The Very Best Of The Atlantic Years (International)
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1. Giant Steps 2. Cousin Mary 3. Naima 4. Stairway To The Stars - with Milt Jackson 5. My Favourite Things 6. Mr PC 7. Little Old Lady 8. Like Sonny 9. Every Time We Say Goodbye 10. Central Park West 11. My Shining Hour 12. Mr Syms 13. Equinox 14. Body And Soul 15. Aisha
We only have 79 minutes in which to compress the highlights of Coltrane's years with the Atlantic label, so the going is set to be rough, with personal favourites omitted or obvious choices made. Surely this could have been a 2CD set! With only a lone disc at hand, it's best to sidestep the notion that this has to be a graven image of the monumental saxophonist during his peak early-1960s period. This selection is best viewed as an introduction that can't go wrong, and the listener's next move must be to seek out the original albums of the period.
Predictably and understandably, Giant Stepsdominates at first, with around one side's worth of the old vinyl included. This was Coltrane's debut for Atlantic in 1960, and its crucial title cut opens up, revealing the tenorman's soloing technique in a concise, intricate and passionate form. The story of this compilation (and possibly of the man himself) seems to be the contrasting of assertive speedsters, displaying technical (and emotional) prowess, with ballads that are so slow and introspective that they virtually hang suspended, in a state of gracefulness.
So, the diaphanous "Naima" is another representative from Giant Steps, eventually followed by the bluesy swaggering of "Mr. P.C." Often, it's the fairly rare presence of 'outsiders' that shocks, as with vibraphonist Milt Jackson's showing on "Stairway To The Stars", from the pair's Bags & Trane album. Following the Giant Steps tracks,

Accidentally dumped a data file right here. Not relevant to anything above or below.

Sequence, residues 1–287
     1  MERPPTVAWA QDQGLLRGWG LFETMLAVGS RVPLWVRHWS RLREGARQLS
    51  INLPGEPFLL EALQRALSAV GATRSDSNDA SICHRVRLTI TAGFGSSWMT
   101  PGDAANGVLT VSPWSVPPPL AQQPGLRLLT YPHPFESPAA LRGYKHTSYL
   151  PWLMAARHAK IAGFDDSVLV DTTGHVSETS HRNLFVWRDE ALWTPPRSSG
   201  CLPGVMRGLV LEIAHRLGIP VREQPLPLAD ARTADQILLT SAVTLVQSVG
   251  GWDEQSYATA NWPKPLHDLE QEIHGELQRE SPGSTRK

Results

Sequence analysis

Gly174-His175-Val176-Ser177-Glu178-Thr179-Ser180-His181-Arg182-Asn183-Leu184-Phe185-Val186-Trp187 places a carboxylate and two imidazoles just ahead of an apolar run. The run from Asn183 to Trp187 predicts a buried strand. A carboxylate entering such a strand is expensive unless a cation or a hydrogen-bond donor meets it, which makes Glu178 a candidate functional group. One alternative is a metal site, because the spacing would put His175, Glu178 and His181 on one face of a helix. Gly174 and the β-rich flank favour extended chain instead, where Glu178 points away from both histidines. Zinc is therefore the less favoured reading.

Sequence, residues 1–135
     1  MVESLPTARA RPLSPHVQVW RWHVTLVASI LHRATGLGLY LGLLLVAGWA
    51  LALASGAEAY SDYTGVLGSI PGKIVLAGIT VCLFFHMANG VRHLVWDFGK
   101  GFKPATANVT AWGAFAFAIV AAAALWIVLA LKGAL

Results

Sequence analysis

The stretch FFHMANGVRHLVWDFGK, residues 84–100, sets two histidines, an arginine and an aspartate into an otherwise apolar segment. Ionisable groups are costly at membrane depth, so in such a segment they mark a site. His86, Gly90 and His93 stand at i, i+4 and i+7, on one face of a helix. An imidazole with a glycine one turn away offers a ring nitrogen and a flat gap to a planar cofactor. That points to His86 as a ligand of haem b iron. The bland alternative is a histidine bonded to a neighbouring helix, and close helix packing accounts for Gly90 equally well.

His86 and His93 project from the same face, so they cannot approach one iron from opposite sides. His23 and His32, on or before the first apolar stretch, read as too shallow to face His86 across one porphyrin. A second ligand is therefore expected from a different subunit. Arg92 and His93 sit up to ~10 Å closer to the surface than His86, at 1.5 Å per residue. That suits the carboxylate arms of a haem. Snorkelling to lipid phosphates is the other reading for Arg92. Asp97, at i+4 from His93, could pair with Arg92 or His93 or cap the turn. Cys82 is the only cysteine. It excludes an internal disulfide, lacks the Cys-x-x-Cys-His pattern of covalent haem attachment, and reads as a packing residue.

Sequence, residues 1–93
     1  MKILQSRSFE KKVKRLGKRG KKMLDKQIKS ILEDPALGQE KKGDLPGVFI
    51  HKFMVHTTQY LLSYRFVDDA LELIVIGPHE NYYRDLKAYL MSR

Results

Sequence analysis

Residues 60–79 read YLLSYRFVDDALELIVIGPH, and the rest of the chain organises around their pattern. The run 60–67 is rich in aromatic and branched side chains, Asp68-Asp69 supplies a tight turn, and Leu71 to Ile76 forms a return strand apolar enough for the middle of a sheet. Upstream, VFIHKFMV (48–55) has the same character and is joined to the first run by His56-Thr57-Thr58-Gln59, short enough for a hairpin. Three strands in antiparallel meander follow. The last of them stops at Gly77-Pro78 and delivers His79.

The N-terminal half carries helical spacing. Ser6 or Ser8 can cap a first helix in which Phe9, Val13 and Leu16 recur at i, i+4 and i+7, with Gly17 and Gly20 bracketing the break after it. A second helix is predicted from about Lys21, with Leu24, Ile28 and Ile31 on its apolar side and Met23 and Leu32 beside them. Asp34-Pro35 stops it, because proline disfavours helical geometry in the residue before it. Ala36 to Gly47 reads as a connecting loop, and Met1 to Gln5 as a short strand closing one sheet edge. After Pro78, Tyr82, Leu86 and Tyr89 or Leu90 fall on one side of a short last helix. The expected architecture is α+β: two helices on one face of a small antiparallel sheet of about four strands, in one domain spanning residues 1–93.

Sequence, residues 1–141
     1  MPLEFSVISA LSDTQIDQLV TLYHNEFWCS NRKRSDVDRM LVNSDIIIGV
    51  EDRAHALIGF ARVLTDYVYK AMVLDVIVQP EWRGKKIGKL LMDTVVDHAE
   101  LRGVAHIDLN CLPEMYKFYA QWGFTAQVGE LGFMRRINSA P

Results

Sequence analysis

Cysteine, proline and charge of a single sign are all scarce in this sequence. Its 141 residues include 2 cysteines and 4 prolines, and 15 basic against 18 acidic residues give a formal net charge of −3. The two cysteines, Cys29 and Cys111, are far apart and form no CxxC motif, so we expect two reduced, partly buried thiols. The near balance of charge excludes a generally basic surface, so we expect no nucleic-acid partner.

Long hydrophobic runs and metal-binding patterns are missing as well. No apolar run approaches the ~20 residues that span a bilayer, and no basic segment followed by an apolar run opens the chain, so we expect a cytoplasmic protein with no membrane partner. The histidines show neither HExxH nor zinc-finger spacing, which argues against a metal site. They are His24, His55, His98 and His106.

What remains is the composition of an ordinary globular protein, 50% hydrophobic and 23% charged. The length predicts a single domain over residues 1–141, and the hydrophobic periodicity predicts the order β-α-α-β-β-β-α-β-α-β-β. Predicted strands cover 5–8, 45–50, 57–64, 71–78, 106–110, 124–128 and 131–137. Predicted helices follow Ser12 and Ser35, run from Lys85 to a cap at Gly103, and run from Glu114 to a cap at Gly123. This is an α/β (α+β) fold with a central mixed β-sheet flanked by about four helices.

Coltrane's horn sounds fat and warm, so close it's lodged deep inside the cranium. And when Freddie Hubbard steps up to take a solo on the closing "Aisha" (a lone representative from 1962's Olé), the sudden stab of a trumpet comes as a thrilling surprise after so much quartet-based music.
"My Favorite Things" appears in its shortened single version, with Coltrane dancing on soprano saxophone, whilst he switches to alto on "Equinox", which still sounds like one
of his most forward-looking compositions. With Coltrane's work for the Impulse! label lurking just around the next corner, he would soon be setting himself free for an increased degree of sonic abstraction... --Martin Longley
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Top Customer Reviews
as part of the almost deluge of cd s now available for sale here on amazon. this patchy compilation is at least on Coltrane's 1960 era label ie Atlantic and therefore has a whiff of authenticity , a nice cover and not a cheap cash-in re-release by the myriad new labels. the problem though is the choice of atlantic material. a very short edited version (a scandalous 2 1/2 minute only edit of Coltrane's most popular track after Blue Train i.e My Favourite Things (yes- the Sound of Music tune but given wonderful searching rendition al as not here in full 13 minute length). this well filled cd does offer some fine pre-peak era Coltrane (again ie his extensive 1961-67 final phase on the impulse label) taken from several fine lp s of the time such as Giant Steps, Plays the Blues,Coltrane's Sound etc.plus a couple of unusual choices that might have been better chosen.
a fine collection for newcomers but a jazz figure as huge as Coltrane's legacy is , this is but just a starter into a potentially very long and rewarding obsession with the man s extraordinary fiery, spiritual output. file under good but not essential. also there are many other official cd compilations from atlantic and impulse that easily better this release. as elsewhere on amazon - i will re-iterate the indisputable fact : for absolute prime Coltrane you need really to start with a best of Coltrane compilation from Impulse his peak era label but this Atlantic best of is fine also.